POINT RICHMOND - A two-hour community meeting sponsored by the Point Richmond Neighborhood Council on parking and traffic issues Tuesday included a pledge from Lori Reese-Brown of the city transportation department that she would work collaboratively with Point residents and city departments to solve problems.
     "The city of Richmond has a lot of work to do," Reese-Brown said at the Community Center meeting.
     That work includes seeing how much city planners and others have considered the traffic and parking impacts of new residential developments - either constructed or in process.
Yellow and red striping near the closed El Tunel restaurant 
     Collectively nearly 600 residential units are expected to be built and occupied in the next few years: 27 units in the apartments already constructed adjacent to Mechanics Bank, 60 homes in the under-construction Shea Homes Shoreline development, 200 units at the city-approved Quarry Residential project, and more the 300 homes at Terminal One on Dornan Drive near the Richmond Yacht Club.
     Reese-Brown also pledged to talk with Richmond Police about a conspicuous lack of parking enforcement in The Point.
     In the last week, freshly painted yellow, blue and green curb striping - and a stop sign at on Park Place - appeared in the downtown business district. The restriping of existing parking spaces - which could include standardizing the size of each stall from the current mix of parking slot sizes - is also likely.
     Reese-Brown also suggested that the heads of various city departments - like planning - attend future community meetings to answer some of the many questions posed by the 25 or so persons who attended the meeting.
     The meeting was facilitated by Shawn Dunning who walked the audience through a series of exercises designed to elicit as many solutions to problems as gripes.
     Parking permits for residential, designated parking zones for merchants and spaces for additional parking on the perimeter of the downtown business district were all discussed.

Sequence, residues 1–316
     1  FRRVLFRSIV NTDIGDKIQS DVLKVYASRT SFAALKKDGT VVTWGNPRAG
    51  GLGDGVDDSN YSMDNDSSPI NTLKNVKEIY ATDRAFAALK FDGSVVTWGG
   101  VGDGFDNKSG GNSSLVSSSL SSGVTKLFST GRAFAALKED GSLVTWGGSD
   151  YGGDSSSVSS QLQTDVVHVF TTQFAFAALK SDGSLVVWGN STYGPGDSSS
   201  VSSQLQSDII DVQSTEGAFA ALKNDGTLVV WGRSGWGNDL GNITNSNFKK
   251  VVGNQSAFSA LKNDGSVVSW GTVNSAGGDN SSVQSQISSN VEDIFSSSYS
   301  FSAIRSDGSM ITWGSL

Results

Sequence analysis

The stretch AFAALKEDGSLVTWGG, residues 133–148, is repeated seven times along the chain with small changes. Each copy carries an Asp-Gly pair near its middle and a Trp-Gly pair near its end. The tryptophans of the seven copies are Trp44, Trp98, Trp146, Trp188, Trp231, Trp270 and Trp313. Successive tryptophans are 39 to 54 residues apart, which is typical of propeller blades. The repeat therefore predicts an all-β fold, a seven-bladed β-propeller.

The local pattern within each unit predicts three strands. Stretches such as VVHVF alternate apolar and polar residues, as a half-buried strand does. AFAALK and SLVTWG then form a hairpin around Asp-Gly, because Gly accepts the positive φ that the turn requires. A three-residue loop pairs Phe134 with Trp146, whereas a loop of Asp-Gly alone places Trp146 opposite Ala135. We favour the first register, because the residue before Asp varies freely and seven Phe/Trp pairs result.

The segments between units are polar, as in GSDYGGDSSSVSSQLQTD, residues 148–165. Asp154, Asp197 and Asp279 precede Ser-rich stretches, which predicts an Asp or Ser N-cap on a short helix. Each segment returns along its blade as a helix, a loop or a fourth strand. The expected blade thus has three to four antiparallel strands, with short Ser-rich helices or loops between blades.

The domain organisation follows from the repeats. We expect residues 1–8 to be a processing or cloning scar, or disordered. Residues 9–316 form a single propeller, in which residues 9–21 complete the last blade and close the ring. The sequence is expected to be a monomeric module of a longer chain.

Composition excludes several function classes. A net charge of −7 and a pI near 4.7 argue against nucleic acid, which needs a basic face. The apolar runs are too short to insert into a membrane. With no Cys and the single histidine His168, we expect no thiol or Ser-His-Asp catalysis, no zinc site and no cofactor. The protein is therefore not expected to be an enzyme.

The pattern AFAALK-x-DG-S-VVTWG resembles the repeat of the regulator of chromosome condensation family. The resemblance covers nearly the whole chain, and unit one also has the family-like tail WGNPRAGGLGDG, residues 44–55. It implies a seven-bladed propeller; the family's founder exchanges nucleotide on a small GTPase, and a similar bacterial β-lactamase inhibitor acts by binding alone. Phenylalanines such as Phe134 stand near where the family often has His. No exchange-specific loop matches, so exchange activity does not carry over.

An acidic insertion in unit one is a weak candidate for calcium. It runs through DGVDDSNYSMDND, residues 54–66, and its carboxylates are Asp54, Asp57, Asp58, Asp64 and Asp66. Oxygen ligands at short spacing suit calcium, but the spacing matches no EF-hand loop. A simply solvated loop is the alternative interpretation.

Reese-Brown and Denée Evans (also of the city transportation office) encouraged people to contact them directly with concerns.
    "If I hear one complaint, that sounds like 1,000 complaints to me," Reese-Brown said.
     PRNC President David Schoenthal indicated that in the wake of this meeting he would be setting up an online Google discussion group. He can be contacted about that here: Schoenthal email.

CITY OF RICHMOND PARKING CONTACTS:
Lori Reese-Brown
Phone: 510-620-6869
REESE-BROWN EMAIL

Denée Evans
Phone: 510-620-6869
EVANS EMAIL 

New stop sign on Park Place, heading north

Signage needs to catch up with new stripes in front of the Santa Fe Market


Tuesday, April 10, 2018

Point parking & traffic meeting tonight

   POINT RICHMOND - A special two-hour meeting to discuss parking and traffic issues in The Point will be held tonight from 6:30 p.m. to 8:30 p.m. at the Point Richmond Community Center on Washington Avenue.
     The meeting is open to the public.
     The session will be facilitated by Shawn Dunning and run similarly to collaborative solutions workshops conducted earlier this year by outgoing Point Richmond Neighborhood Council President David Schoenthal.
Evans
   In an announcement for the meeting, Schoenthal said he wanted people to understand that the event tonight is to get community input into how to solve parking and traffic issues in The Point.
     This meeting will not be a campaign event," he said.
      In addition to the facilitator and members of the public, Lori Reese Brown and Denée Evans of the Richmond Transportation Department are expected to attend, Schoenthal said.
    Community members will likely be asking questions about parking enforcement, how to get additional parking for The Point area, and what plans the city has for dealing with the traffic expected from four new residential developments coming on line.